That's me, walking away from the camera.
(Photo: Eric Lifrak, used with permission)
Me, Erika, and Brunie
(Brunie and I worked together in Brazil over 40 years ago.)
After returning from our boat trip, Erika, the daughter of an
old friend (Nancides, now deceased) drove us to a lovely spot to
view the sun setting over the river.
Then we had wonderful Brazilian ice cream that comes in 

hundreds of exotic flavors: mango, tapioca, passion fruit, açaí,
coconut, coffee-chocolate-rum, pineapple. I wish I would
have had the time to sample them all.
(Photo by Brunie's husband Erik Lifrak, used with permission.)



Sunset On the Rio Negro


Sunday, December 11, 2011

SHADY GARDEN

Jardim Botânico (Botanical Garden)
Rio de Janeiro - Brazil
August 30, 2011

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        I haven't contributed to Shadow Shot Sunday for a while.  I've been busy with other projects and some travel.  I had worked in Brazil 1967-69 as a Peace Corps Volunteer and finally had the opportunity to return this past August.  I got some great shadow shots, especially in the Botanical Garden in Rio.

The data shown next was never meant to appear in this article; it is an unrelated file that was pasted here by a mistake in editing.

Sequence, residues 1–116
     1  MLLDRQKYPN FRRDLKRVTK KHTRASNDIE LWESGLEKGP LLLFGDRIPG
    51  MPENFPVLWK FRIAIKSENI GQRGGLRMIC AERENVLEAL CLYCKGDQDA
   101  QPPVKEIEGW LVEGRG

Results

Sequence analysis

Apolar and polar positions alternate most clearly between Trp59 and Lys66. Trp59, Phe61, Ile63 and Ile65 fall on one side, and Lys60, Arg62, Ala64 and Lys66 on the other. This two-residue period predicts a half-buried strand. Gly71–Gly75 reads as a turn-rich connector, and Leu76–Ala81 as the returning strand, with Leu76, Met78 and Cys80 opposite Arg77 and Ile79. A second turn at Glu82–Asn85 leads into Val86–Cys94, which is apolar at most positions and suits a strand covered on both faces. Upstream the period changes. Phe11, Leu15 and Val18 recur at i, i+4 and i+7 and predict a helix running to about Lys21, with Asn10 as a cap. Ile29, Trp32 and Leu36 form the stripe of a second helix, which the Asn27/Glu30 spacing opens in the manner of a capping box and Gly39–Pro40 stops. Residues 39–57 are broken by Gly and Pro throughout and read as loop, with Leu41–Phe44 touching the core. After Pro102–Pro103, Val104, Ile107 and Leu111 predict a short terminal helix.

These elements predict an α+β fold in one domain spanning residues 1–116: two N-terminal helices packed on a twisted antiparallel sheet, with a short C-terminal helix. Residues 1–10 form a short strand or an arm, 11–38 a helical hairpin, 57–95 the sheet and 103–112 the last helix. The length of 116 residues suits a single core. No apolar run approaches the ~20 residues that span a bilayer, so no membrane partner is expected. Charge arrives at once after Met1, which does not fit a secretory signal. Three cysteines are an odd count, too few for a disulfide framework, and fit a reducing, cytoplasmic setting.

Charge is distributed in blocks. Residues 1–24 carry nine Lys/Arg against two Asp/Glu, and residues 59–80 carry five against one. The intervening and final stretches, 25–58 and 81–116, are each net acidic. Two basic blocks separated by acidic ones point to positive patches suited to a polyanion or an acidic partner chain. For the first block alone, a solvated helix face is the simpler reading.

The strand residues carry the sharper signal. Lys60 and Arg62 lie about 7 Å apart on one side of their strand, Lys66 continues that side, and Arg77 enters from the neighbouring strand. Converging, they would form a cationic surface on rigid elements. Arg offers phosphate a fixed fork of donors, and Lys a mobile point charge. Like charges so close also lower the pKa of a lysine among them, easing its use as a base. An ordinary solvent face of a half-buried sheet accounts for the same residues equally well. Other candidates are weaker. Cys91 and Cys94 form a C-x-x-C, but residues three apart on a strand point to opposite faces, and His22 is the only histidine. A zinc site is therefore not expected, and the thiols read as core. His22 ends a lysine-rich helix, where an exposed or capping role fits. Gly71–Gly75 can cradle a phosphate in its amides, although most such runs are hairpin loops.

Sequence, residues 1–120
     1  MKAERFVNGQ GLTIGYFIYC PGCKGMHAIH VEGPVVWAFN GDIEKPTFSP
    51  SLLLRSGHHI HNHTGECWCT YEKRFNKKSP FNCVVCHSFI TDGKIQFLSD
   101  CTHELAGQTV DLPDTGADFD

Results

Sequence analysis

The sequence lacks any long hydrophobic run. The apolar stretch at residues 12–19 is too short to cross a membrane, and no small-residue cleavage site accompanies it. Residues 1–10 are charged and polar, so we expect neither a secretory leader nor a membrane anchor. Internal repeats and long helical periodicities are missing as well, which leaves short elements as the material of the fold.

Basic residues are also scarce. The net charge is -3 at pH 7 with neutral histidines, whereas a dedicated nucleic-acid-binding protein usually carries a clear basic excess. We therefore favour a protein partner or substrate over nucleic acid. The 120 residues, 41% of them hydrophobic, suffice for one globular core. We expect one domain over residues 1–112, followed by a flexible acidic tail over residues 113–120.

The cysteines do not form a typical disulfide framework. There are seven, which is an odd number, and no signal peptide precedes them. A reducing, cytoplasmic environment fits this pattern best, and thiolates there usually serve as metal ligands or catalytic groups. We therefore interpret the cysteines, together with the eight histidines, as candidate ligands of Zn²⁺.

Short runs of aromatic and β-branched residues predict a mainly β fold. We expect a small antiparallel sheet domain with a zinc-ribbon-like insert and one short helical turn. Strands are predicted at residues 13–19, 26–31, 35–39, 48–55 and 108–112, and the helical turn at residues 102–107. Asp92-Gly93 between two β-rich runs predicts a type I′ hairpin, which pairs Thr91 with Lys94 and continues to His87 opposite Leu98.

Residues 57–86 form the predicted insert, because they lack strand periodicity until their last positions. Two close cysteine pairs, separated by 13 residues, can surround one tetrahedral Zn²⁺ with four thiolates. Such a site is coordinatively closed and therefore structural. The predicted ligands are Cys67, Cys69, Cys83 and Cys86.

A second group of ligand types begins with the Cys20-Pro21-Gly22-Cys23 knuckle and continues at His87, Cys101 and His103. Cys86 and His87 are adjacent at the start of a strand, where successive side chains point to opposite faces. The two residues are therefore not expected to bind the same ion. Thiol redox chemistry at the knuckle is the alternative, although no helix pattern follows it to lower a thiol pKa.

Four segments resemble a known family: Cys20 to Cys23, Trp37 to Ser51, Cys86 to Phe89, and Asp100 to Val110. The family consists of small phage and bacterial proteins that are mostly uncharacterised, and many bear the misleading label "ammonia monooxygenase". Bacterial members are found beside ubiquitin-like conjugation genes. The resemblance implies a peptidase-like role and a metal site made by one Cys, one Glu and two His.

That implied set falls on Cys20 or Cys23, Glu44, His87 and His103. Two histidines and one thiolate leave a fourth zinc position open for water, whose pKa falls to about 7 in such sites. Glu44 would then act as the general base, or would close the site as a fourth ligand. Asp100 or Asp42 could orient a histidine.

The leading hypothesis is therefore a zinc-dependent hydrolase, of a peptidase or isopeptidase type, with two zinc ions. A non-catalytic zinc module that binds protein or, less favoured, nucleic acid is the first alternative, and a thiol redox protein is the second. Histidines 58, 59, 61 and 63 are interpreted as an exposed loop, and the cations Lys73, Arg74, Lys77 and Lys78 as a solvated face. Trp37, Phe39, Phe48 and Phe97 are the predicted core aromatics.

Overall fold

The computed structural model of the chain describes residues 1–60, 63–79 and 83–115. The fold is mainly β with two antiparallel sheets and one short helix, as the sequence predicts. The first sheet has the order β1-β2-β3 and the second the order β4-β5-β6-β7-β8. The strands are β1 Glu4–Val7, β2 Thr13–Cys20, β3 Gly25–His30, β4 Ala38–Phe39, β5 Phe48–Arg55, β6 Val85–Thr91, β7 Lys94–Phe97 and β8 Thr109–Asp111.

You can read about my return to my old Peace Corps site in Brazil this past August in RETURN TO GLÓRIA on my other blog.

Sunday, November 27, 2011

BREAKING DAWN

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All four photos were taken just after 7:00 AM on 11/26/11 in western Pennsylvania. As I was driving, at first I saw a bright red glow at the base of trees on the horizon. I pulled over to take photos.  As I watched, the sky changed from almost black to pink and blue in less than four minutes.